flowflow1 /fləʊ $ floʊ/ ●●●S3W2 noun1liquid/gas/electricity [countable usually singular]LIQUID a smoothsteady movement of liquid, gas, or electricityflow ofHe struggled to swim against the flow of the water.I tied a towel round his leg to try to stem the flow of blood.2traffic [countable usually singular, uncountable]PROVIDE the steady movement of traffica new road system to improve traffic flow through the city centre3goods/people/information [countable usually singular] the movement of goods, people, or information from one place to anotherflow ofthe flow of funds from the US to EuropeThere has been a steady flow of people leaving the area.They have accused the government of trying to block the free flow of information.an attempt to stem the flow of refugees across the border4speech/writing [uncountable]CONTINUOUS the continuousstream of words or ideas when someone is speaking, writing, or thinking about somethingI didn’t want to interrupt her flow, so I said nothing.5of the sea [singular]DN the regular movement of the sea towards the landthe ebb and flow of the tide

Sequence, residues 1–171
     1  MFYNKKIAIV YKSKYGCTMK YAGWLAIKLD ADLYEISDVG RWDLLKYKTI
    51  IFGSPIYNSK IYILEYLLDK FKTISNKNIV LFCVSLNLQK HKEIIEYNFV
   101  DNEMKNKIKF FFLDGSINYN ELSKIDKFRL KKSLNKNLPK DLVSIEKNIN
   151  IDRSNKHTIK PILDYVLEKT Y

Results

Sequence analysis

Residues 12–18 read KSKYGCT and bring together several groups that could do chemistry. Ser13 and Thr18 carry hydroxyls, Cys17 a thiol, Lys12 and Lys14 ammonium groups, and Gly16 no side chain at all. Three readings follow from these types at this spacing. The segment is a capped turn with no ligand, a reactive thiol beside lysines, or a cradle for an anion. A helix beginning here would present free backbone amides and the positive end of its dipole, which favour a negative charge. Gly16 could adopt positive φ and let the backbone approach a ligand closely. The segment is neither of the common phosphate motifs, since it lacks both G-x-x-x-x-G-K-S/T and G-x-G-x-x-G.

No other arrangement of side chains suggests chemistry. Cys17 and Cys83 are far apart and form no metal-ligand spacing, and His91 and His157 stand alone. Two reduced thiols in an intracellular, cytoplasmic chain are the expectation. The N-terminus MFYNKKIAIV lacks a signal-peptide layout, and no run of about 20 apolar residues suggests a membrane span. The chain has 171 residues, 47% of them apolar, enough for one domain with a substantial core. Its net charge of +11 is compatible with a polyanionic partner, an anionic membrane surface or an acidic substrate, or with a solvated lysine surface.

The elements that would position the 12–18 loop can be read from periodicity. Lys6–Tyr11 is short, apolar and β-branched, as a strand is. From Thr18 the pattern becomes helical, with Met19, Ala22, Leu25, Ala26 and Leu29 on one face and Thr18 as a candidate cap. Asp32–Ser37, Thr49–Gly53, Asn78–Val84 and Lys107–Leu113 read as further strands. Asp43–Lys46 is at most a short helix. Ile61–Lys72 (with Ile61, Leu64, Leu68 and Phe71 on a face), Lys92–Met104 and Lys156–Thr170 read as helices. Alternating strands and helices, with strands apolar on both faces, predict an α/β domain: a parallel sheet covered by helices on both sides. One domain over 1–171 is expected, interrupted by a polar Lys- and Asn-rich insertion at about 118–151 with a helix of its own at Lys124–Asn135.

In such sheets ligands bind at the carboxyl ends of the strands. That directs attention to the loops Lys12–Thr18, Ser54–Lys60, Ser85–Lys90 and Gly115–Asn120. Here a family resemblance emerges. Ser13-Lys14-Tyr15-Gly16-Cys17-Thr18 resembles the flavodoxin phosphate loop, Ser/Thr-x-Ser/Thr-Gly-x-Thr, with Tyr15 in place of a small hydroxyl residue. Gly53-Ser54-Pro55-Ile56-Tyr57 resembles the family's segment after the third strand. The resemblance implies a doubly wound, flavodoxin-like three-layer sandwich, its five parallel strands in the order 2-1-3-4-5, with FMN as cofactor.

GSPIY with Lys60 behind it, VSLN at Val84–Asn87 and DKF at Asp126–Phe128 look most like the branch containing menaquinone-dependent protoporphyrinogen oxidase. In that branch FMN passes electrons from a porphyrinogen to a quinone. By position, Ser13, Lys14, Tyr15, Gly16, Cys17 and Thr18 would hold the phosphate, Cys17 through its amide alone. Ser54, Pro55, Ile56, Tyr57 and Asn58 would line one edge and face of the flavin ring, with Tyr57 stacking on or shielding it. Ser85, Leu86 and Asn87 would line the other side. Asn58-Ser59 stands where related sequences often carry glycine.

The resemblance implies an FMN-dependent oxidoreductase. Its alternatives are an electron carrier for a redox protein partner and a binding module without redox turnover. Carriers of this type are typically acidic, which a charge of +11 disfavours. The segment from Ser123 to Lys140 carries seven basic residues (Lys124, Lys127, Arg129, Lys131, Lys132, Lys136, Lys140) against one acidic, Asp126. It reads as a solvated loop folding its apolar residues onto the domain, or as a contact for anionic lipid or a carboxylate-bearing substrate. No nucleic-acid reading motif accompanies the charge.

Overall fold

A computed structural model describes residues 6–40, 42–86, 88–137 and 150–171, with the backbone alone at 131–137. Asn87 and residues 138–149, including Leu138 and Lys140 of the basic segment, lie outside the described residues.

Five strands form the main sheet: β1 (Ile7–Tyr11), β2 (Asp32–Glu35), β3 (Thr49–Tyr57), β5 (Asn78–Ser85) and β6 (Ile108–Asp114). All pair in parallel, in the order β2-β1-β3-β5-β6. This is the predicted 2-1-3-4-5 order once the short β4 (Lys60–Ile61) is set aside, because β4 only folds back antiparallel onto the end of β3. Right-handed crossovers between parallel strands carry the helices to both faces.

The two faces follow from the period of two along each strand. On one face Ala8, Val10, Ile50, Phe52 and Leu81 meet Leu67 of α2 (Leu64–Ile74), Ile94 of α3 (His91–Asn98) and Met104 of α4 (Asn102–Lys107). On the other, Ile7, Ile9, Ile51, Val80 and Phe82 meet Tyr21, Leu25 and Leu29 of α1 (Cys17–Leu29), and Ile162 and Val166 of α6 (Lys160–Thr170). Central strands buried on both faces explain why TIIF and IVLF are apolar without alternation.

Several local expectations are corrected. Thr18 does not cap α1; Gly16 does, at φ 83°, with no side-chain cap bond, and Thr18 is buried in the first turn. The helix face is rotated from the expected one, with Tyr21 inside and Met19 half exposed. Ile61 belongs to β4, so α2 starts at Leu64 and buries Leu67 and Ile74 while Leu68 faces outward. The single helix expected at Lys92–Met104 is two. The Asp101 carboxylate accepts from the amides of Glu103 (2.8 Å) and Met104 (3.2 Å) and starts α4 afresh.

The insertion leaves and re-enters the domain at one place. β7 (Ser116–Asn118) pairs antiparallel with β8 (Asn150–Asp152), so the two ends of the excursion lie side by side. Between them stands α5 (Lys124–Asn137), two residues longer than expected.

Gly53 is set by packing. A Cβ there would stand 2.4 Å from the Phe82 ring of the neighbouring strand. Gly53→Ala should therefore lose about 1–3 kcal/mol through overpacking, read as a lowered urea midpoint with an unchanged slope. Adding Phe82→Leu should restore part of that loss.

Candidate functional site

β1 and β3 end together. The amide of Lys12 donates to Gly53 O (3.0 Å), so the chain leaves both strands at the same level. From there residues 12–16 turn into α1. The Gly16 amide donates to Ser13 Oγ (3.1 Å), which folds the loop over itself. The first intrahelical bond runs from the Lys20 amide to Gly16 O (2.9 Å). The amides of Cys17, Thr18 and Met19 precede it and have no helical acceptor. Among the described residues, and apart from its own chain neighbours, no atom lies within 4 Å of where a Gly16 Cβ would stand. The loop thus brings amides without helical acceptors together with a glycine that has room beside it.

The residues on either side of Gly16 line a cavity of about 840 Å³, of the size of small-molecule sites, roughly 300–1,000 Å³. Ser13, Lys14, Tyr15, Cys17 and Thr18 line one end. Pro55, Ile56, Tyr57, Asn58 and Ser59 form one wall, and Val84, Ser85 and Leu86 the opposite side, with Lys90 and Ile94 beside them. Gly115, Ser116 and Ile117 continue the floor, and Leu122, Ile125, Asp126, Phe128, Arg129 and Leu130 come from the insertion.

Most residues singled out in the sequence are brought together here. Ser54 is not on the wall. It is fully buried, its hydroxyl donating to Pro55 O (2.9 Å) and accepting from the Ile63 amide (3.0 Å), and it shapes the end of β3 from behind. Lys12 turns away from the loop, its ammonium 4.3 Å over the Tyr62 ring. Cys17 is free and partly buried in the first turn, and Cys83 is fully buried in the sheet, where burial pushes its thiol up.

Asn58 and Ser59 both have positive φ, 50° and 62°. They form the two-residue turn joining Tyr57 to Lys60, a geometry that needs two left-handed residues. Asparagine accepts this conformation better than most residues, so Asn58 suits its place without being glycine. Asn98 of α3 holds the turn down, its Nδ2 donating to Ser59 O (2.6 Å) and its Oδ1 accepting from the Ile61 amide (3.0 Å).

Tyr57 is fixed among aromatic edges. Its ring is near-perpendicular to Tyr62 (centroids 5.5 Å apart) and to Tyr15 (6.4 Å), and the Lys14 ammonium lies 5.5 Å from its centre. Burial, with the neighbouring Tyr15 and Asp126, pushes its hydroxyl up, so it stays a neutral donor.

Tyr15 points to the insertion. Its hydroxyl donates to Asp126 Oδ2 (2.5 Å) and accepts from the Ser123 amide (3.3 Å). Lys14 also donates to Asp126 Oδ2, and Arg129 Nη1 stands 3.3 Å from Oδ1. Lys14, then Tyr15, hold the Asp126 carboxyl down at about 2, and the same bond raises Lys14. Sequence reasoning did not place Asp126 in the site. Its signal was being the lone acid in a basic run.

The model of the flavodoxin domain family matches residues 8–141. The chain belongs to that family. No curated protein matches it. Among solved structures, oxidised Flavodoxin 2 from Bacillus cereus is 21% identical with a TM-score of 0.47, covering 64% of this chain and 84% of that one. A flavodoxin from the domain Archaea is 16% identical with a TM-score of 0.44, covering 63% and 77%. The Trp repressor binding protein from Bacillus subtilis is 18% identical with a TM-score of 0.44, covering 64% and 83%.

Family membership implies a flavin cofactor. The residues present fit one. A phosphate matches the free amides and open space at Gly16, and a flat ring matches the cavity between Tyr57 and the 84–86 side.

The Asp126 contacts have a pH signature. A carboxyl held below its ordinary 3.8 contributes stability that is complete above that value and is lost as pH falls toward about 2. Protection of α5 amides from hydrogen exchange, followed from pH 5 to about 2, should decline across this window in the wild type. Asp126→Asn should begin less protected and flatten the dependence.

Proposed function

flow• the ebb and flow of the tide• And it is bad for his cashflow.• Sinkmixers have dividedflow so that the hot and cold water do not mix until they have left the tap.• a lavaflow• The momentumderives not from a lullingflow or titillatingsuspense but from astoundingly acrobaticleaps from perch to perch.• Money flow measures the volume of shares traded every time a stock goes up or down.• The civil war has severely disrupted the flow of humanitarianaid to the region.• Under the function-oriented approach to the flow of authority, the night cashiers work for a head cashier.• the flow of oil from the Middle East• The road repairs should not affect traffic flow.stem ... flow• Rose stemmed the flow, encouraged the ebb, and he allowed it to be that way.• She stemmed the flow of tears that came, knowing they would sting his body.• After the game Kasparov said that Karpov had to play 24 ... d3 to stem the flow of the White attack.• But that is not likely to do much to stem the flow.• The brigadier tried to stem the flow with a tourniquet.• Sandbags were used to stem the flow but several corridors were soon under water.• To stem the flow, he advocatesstrict trade protections, including high tariffs on imported goods.stem ... flow• Rose stemmed the flow, encouraged the ebb, and he allowed it to be that way.• She stemmed the flow of tears that came, knowing they would sting his body.• After the game Kasparov said that Karpov had to play 24 ... d3 to stem the flow of the White attack.• But that is not likely to do much to stem the flow.• The brigadier tried to stem the flow with a tourniquet.• Sandbags were used to stem the flow but several corridors were soon under water.• To stem the flow, he advocates strict trade protections, including high tariffs on imported goods.interrupt ... flow• Remember here that some people do not like seeing you write down their words for it interrupts their flow of thought.• At least it interrupts the flow of retired vice- marshalls.• I had to interrupt her flow of catastrophes to suggest that we try to understand what was going on beneath the surface.• Do this as a separate routine after writing if you are concerned not to interrupt the flow of composition.• For example, Dickens is fond of parentheticalconstructions which allow the generalizing authorial voice to interrupt the narrative flow.• There are some folks who believe the two two-minute intermissions unnecessarily interrupted the flow of the film.• The pads can be inserted into an undergravel set up as a graveltidy without interrupting the free flow of water.ebb and flow• There is always an ebb and flow, an inner energy used to enhancemood and expression.• But he related well to me, although his engagementebbed and flowed.• Inside the room I saw the pulsingebb and flow of light that meant a fire.• In the harbour you got a secondaryebb and flow between the main tides.• A moaning north wind that ebbed and flowed like the sound of surf and ocean waves.• Nixon always will remain a vivid figure for those of us who watched the ebb and flow of his remarkable career.• The ebb and flow of controversy in television news items did not produce correspondingtrends in public interest and discussion.• It was ebb and flow, up and down, punch and counterpunch that didn't want to end.